Sandy – Former Board Member, Chairperson
Sandy got involved with CRS in the early 2000s. At that time, she was a funder at the Ministry of Health and was given CRS (not called CRS back then) as part of her portfolio. She recalls her first visit to find out more:
“I vividly remember being incredibly impressed with the strong women leading this organisation and their passion for the refugee community.”
Sandy continued to have a really positive and educational experience alongside the organisation, joining the Board once she left the Ministry. Having had some Board experience, she became the Board Chairperson.
Sandy worked closely with the General Manager to take the growing organisation into the next phase, trying out new ways of working and separating out governance and management. As she recalls: “Growing staff, a move, natural disasters were all thrown at us as well as a constant battle for funding. Robust discussions were held but with huge respect around the table.”
After about 10 years, Sandy left her Board role but stayed interested and connected to the work. She expresses great pride that CRS has attracted former refugees as well as migrants onto the Board, “something that was always an aim.”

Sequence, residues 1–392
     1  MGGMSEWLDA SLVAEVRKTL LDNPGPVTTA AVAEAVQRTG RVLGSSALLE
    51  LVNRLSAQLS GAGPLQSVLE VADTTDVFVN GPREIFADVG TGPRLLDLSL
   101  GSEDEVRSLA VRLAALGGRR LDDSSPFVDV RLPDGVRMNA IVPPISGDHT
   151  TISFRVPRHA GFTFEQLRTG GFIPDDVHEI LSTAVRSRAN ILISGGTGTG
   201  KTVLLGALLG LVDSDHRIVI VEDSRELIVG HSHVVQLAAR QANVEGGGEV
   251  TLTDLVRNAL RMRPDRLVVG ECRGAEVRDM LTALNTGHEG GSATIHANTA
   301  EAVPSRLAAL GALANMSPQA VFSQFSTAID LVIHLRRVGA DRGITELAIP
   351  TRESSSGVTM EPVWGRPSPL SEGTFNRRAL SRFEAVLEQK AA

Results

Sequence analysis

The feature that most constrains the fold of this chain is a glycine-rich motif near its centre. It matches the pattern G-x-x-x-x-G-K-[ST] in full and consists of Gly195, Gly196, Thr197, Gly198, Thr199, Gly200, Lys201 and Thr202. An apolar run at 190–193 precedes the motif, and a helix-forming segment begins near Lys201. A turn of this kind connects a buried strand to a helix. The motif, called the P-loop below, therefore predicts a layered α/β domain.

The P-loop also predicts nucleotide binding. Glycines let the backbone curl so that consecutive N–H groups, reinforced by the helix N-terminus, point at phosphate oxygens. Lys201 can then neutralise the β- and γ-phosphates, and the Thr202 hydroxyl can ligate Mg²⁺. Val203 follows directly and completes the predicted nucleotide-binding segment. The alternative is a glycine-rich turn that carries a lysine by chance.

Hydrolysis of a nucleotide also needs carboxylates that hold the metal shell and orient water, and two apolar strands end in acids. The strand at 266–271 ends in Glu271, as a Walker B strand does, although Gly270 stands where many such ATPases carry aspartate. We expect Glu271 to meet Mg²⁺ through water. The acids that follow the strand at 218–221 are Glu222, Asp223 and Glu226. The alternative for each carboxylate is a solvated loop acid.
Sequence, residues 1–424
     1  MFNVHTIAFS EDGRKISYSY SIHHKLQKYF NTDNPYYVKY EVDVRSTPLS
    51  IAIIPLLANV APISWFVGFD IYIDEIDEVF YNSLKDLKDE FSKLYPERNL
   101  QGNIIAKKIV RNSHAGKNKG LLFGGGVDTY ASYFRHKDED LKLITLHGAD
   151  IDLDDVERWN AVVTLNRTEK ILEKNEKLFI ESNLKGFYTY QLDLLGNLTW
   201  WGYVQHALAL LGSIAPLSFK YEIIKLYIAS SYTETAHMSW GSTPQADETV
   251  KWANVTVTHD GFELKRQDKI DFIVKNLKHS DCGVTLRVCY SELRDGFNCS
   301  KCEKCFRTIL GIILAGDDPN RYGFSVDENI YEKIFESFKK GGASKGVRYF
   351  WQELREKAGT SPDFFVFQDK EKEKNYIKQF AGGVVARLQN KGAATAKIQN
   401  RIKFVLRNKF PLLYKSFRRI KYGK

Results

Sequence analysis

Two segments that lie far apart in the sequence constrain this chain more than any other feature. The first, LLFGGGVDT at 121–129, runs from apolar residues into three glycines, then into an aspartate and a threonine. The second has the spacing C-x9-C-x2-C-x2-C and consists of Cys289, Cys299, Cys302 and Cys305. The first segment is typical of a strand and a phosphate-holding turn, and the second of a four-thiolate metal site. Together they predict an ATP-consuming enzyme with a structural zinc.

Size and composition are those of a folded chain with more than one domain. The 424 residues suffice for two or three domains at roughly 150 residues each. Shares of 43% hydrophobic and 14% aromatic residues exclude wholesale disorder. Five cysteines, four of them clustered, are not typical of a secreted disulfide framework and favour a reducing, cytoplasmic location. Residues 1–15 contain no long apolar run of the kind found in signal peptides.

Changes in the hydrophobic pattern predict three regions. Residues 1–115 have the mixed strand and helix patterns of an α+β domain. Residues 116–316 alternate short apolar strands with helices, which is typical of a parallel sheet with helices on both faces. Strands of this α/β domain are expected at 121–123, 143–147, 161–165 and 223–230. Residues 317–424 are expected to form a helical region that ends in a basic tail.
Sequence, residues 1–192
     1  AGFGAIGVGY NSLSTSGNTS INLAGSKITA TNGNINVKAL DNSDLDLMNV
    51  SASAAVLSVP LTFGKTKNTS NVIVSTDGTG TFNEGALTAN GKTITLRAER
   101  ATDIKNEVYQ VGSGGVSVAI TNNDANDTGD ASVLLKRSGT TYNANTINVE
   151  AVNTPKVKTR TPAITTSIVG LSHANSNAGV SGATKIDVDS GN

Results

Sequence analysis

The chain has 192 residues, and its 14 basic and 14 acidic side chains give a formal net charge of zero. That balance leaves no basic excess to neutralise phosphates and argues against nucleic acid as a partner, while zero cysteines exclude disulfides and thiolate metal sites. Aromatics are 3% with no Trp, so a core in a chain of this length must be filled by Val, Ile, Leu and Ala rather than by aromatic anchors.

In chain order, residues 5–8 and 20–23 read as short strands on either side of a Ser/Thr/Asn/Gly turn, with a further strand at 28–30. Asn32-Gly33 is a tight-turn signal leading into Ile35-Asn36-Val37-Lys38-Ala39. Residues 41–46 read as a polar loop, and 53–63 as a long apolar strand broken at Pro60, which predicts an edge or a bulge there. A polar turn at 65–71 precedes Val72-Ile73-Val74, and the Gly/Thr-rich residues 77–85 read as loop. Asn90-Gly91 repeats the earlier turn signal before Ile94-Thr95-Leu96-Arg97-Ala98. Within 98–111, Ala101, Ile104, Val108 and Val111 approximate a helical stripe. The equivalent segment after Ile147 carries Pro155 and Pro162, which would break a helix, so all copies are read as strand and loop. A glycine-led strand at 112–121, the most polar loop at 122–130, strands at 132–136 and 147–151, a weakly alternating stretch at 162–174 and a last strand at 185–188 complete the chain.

Thinking back on her involvement, Sandy believes a highlight has been the privilege of getting to experience the lives and outlooks of refuge and migrant communities. She says, “The positive way in which they take on a challenge makes me just a little bit to understand what is like to stand in someone else’s shoes.” She recalls being very impressed at an evening for youth where they spoke of what it was like to be often the only English speaker in the family and then they did a short modelling show of what they see as the dress they would wear and see as being appropriate and normal for them. This event helped Sandy see just how many different communities there are in New Zealand. She also says she learned “a huge amount about generosity and patience”, as well governance, specifically how to support small NGOs.
“I loved all the staff celebrations, not just the amazing variety of food everyone would bring, but talking with and listening to the team and understanding the variety of work that was being done at CRS.”
In terms of challenges while working with CRS, Sandy identified funding; although “we needed such small amounts to make a huge difference, but it was always hard to get.” She also acknowledged a challenge in being a Kiwi as Board Chair for a refugee-focused organisation, but also recognised the privilege in doing this role.
As CRS marks its 30th anniversary, Sandy says, “I am just in awe of this incredible organisation, built up from a few people with a passion to an organisation that employs a vast range of skilled people across so many nationalities and so many services. To have kept going through many changes in government and government policy, natural disasters, the horrendous attacks on Muslims in Christchurch, a pandemic and more, is testament to the strength, relevance and value CRS has.”